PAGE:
Did McConnell score a kickback in the budget deal?
posted at 2:01 pm on October 17, 2013 by Ed Morrissey
Well, Kentucky scored some government cash, or at least might have with an addendum to the Reid-McConnell bill that has conservatives steamed. Eric Pfeiffer at Yahoo News reported on it last night, shortly after the House took up the bill and eventually passed it with significant Republican support:
However, the nation’s leading Republican senator came out of the deal far from empty handed. That’s because it’s been reported that Senate Republican leader Mitch McConnell secured language in the new government funding bill that includes nearly $3 billion for a dam project in his home state of Kentucky.
According to reports, a provision in the funding bill includes $2.918 billion in funding to the Army Corps of Engineers to install locks as part of the Olmsted Dam and Lock Authority Project on the Ohio River.
A recent investigation by the St. Louis Post-Dispatch found that the project has run millions of dollars over budget and should have been completed “years ago.” The U.S. Army Corps of Engineers estimates thatthe project will not be fully complete until 2024.
The Wall Street Journal has more on the project:
One of the few groups to get extra money was the Olmsted Lock and Dam Authority, which is being developed byURS Corp.URS +1.27%, a construction management company that develops projects for the government. The lock and dam, which is under construction on the Ohio River between Olmsted, Ill., and Monkey’s Eyebrow, Ky., would be authorized to receive $2.92 billion, up from $775 million. The company says the dam is one of the largest civil works projects ever undertaken by the U.S. Army Corps of Engineers and will replace two of the original locks and dams completed in 1929. Construction will stop without more money, according to a summary of the bill.
Note, however, that phrasing, which is more accurate in the WSJ than in Yahoo. The provision raises the scope of potential funding for the project, but doesn’t actually appropriate the funds. The Washington Post notes the difference:
The provision does not allocate $2 billion; rather, it raises the cap for the amount Congress could allocate later. President Obama asked for it in his 2014 budget, and both the House and the Senate had passed bills allowing the increase this year. The House did criticize the Corps of Engineers, saying if it had managed the project better there would not be the need for the “massive increase” in funding authority.
The project, authorized in 1988, is intended to replace two locks and dams that were built in the 1930s.
So who asked for the raise in the cap? McConnell’s team said the request didn’t come from them:
It’s true that McConnell had requested “earmark” funds for this project in the past, according to a database of such requests kept by Legistorm. Did he request that its inclusion in Wednesday’s Senate bill?
“No, he did not,” Don Stewart, McConnell’s spokesman, said in an e-mail message.
Yeah, well, that’s not exactly a credible position, either. This isn’t an earmark, but it’s similar, and it was standard operating procedure for legislators to swap requests for pork in order to maintain some political cover. McConnell may not have requested it this time, but he’s pushed for it in the past, and it seems pretty convenient that it ended up in this bill. The question Cui bono? is never a bad one to ask in these situations.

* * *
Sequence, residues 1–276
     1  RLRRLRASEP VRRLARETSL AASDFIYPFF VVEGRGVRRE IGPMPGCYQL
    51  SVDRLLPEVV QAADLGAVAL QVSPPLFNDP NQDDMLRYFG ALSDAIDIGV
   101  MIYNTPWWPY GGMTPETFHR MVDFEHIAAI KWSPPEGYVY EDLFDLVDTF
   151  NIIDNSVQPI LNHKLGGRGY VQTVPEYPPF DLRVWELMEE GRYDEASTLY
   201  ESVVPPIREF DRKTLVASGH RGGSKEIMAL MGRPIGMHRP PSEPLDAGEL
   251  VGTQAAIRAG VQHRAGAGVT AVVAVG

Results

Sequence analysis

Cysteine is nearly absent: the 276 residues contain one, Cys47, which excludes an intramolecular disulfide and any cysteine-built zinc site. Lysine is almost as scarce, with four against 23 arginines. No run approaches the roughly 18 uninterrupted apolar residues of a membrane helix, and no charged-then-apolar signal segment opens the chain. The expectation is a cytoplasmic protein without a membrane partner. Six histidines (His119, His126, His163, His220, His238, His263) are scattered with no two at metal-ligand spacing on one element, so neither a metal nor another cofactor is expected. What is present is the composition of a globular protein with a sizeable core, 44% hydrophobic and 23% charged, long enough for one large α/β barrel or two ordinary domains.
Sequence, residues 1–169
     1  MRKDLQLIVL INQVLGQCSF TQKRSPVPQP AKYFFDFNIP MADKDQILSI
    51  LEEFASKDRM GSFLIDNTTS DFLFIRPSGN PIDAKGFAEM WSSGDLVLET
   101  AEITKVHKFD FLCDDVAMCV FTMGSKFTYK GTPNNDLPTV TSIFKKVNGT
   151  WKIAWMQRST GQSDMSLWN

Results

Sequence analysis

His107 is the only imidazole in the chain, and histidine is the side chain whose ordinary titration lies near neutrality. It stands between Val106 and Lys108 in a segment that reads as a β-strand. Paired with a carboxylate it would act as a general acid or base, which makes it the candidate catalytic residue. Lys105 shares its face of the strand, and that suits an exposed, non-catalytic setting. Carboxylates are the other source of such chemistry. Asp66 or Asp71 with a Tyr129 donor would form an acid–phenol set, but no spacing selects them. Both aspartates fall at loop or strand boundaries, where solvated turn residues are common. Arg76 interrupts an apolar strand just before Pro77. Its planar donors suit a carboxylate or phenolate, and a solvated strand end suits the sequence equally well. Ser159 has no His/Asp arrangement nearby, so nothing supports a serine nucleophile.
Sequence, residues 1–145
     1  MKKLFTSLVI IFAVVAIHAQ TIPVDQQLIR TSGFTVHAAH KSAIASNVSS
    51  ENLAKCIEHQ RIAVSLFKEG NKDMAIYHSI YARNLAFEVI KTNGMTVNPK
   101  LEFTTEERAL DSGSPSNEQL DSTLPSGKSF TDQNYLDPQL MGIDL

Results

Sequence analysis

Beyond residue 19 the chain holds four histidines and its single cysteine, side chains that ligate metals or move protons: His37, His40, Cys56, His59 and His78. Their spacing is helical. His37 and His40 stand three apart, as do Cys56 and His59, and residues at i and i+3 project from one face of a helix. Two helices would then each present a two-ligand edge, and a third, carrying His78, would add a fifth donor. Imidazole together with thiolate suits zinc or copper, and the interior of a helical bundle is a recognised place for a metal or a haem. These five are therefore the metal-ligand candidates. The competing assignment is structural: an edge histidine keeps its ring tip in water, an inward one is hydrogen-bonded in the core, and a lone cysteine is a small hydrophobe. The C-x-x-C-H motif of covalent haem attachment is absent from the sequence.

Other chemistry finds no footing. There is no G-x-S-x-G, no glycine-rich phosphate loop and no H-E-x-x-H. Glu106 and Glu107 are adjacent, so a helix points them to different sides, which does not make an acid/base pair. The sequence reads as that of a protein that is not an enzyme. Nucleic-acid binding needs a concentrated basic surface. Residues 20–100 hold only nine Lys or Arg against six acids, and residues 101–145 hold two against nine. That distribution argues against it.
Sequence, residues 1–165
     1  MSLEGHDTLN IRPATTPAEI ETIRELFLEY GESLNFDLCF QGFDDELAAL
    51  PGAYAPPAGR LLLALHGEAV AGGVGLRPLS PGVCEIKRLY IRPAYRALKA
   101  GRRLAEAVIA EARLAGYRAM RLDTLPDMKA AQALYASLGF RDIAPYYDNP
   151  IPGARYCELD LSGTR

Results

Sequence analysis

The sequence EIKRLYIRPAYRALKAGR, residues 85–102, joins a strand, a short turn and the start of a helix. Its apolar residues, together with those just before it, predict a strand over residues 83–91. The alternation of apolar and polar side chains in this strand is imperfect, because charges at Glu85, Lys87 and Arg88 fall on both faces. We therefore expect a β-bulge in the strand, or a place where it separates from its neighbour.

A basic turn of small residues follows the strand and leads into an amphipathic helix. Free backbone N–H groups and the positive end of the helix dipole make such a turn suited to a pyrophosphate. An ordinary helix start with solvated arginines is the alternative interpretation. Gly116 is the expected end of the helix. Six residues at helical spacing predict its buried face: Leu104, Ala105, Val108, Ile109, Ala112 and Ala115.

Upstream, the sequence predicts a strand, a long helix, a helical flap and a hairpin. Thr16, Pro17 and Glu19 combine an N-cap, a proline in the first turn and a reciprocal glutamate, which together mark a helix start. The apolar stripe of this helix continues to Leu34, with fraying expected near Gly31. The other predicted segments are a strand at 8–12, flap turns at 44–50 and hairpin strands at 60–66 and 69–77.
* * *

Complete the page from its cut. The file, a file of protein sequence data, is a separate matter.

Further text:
On the other hand, Harry Reid was defending the cap raise yesterday after it got noticed:
Mr. Reid told reporters that it would have cost the government more if it withheld the money. When the Senate Appropriations Committee approved the money earlier this year, it said that abandoning the project was not a viable option and that it would be cheaper to finish the work than to simply replace the two structures. Replacing the two existing structures could easily exceed $3 billion, which would be in addition to the $1.7 billion that has already been spent on replacement work, a Senate report found. The project was first authorized by Congress in 1988.
So did an unnamed Democratic Senate aide:
If the program had to be shut down and then restarted, one Democratic aide said, the “cost to taxpayers would be an additional $80 million over the next six months, and $160 million if the project were terminated for one year.”
That pressing deadline was the reason that the funding was included in this bill. “Senator McConnell did not push for this provision,” the Democratic aide said.
Frankly, there’s so much bad blood between Reid and McConnell that I’d find it surprising to have Reid taking one for the Senate Minority Leader over a pork-barrel project that puts him in dutch with conservatives. Reid would like nothing better than to see McConnell fall to a Tea Party primary challenger, in order to have a better chance to grab the seat for Democrats in 2014. I’m inclined to think that Democrats want to spend the money here, but the economics of it are pretty laughable anyway. We’re authorizing potential future appropriations of $2 billion to rescue the $1.7 billion already spent in order to save $240 million? That sounds like Washington, regardless of which person requested it.
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